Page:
Update: Red Flag Laws… Who Has the Right to Take Away Your Guns? | Texas

Jun 18 2021

Original article WRITTEN FOR US LAW SHIELD. Reposted with permission of US LAW SHIELD


Can a judge sign an order allowing police to seize your guns without you even breaking a single law? In recent years, there has been a nationwide push for “extreme risk protective orders” or “red flag” laws specifically designed to remove firearms from people accused of engaging in conduct or making statements that others may deem “dangerous.” You’ve probably heard about them in the news recently; but what are they? What do you need to know about them, and how could they be used to take away your Second Amendment rights? Let’s look at the history of these laws and how Texas uniquely falls on this hotly debated area.

The History of Red Flag Laws

Red flag laws entered prominent national discourse in 1999 when Connecticut passed the first one of its kind because of a mass shooting at the Connecticut Lottery headquarters. Lawmakers in Connecticut intended this law to target individuals with specific mental health conditions and prevent them from accessing firearms.

More recently, on February 14, 2018, a 19-year-old former student opened fire at Marjory Stoneman Douglas High School in Parkland, Florida, horrifically killing 17 people and injuring 17 others. There was an immediate national outcry to “do something” to stop what the media has frequently dubbed “gun violence.” When information emerged that the shooter had documented mental health issues, lawmakers across the country began pushing for laws to take away guns from individuals whose behavior raised a “red flag” that they could be a threat to themselves or others.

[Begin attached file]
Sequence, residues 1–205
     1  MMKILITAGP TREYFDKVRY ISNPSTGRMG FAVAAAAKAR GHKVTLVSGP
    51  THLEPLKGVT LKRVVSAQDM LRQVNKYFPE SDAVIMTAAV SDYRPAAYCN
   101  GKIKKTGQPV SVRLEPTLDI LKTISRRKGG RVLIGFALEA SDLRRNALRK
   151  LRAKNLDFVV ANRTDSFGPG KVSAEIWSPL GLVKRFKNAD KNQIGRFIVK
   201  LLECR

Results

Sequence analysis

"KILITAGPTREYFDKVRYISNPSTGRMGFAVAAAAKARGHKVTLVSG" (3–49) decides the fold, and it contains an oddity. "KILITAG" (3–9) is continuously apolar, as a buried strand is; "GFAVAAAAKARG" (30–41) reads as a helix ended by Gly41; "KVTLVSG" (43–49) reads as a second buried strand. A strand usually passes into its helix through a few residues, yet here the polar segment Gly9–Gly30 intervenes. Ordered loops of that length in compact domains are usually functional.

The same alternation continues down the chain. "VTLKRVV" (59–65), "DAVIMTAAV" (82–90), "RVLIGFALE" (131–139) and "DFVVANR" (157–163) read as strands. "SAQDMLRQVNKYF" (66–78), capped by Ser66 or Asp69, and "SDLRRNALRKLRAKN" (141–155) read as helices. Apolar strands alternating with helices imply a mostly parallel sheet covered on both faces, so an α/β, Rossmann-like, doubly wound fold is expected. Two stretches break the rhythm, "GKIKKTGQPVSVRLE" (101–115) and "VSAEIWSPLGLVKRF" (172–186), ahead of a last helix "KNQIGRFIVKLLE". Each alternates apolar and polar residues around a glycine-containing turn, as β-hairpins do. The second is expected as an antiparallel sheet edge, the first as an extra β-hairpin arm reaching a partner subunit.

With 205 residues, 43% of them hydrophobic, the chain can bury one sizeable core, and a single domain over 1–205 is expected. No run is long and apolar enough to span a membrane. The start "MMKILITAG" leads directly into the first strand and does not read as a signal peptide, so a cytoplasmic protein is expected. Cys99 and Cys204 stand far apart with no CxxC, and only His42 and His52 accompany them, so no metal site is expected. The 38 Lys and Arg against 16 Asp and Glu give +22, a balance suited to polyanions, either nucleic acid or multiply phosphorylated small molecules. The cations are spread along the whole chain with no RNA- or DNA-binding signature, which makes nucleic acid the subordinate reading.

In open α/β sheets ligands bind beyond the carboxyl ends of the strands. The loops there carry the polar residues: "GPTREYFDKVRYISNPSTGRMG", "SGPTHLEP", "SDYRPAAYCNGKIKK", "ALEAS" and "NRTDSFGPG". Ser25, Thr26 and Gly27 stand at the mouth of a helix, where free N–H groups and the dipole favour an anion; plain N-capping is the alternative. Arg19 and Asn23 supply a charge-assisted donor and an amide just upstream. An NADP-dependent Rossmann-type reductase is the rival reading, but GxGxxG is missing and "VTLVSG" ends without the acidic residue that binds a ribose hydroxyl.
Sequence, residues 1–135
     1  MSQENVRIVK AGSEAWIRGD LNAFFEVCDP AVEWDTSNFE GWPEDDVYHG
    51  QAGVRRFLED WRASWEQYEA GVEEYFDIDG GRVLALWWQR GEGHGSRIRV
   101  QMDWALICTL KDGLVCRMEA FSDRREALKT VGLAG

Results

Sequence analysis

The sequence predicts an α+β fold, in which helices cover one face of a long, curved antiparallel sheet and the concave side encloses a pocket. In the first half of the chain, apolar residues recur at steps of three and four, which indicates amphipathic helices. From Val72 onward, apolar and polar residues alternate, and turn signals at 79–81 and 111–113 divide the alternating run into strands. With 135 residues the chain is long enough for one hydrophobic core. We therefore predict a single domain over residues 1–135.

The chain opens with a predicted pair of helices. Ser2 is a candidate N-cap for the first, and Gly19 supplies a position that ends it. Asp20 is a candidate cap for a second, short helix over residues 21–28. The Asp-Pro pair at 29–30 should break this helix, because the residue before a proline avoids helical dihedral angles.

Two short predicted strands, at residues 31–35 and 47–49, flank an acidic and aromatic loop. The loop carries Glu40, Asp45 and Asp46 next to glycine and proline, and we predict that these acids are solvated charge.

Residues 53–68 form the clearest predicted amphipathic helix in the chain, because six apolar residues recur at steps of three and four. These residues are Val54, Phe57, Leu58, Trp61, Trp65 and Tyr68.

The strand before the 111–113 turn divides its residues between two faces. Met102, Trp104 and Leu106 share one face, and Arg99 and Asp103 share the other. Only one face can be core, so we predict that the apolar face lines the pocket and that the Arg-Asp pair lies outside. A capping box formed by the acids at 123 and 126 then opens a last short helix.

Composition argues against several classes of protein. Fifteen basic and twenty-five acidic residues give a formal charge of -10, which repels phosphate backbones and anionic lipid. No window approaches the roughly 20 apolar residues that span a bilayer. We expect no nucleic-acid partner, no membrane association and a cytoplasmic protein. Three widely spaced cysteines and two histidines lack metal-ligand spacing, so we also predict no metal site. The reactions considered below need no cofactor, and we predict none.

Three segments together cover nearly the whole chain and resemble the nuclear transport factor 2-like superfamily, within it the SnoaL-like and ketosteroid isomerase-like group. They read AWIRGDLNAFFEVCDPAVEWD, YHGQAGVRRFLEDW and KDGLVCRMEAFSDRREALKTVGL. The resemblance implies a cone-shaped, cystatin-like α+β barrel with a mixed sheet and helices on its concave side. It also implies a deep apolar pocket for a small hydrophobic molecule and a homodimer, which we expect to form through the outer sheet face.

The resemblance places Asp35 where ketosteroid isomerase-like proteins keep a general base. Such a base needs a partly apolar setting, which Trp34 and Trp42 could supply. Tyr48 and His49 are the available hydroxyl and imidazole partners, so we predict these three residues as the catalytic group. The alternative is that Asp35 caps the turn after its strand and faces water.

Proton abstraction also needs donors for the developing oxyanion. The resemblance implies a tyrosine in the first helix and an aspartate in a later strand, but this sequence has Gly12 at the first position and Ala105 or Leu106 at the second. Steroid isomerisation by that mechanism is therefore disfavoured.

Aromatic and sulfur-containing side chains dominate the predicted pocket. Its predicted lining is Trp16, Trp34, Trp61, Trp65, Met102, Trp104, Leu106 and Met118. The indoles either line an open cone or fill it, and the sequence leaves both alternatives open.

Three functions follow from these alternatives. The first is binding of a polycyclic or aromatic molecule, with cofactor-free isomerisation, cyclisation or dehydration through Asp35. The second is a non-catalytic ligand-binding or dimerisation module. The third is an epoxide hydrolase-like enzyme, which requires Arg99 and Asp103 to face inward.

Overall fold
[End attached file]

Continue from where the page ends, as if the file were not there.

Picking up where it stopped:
In theory, the purpose of these laws is to identify an individual who exhibits early warning signs of danger and prevent a criminal act from occurring by preemptively disarming them. However, there’s an obvious irony: with red flag legal proceedings, the person’s firearms are seized, but the individual may be quickly released back into society, free to pursue whatever misdeeds they might choose to do.

Many of the states with red flag laws currently on the books allow for an enforceable court order that prevents the person from owning, purchasing, possessing, or transporting firearms and ammunition for a specified period of time. Several jurisdictions also allow the extension of these orders if the affected individual is still “deemed a threat.”

For example, under California’s red flag law (called a “gun violence restraining order”), a person could be prohibited from owning, purchasing, possessing, or transporting firearms and ammunition initially for between one and five years, with the potential for the order to be renewed and extended indefinitely. California Penal Code §§ 18170-18197 lays out the process by which any qualifying person may ask to extend the red flag order within three months of its expiration. The order will be extended if the court finds that the person still poses a significant danger of causing personal injury to themselves or another by controlling, owning, purchasing, possessing, or receiving a firearm, ammunition, or magazine, and all other conditions for renewal are satisfied.

A Californian subject to a red flag order may petition the court only once per year and ask for it to be lifted; which could entail another costly and time-consuming legal proceeding.

As of the publish date of this article, 19 states and the District of Columbia have enacted versions of red flag laws. How do things stand for Texas?

Red Flag Laws in Texas

Red flag legislation was proposed in the Texas Legislature in the 2017 and 2019 sessions. Though hearings were conducted, these laws never made their way out of committee.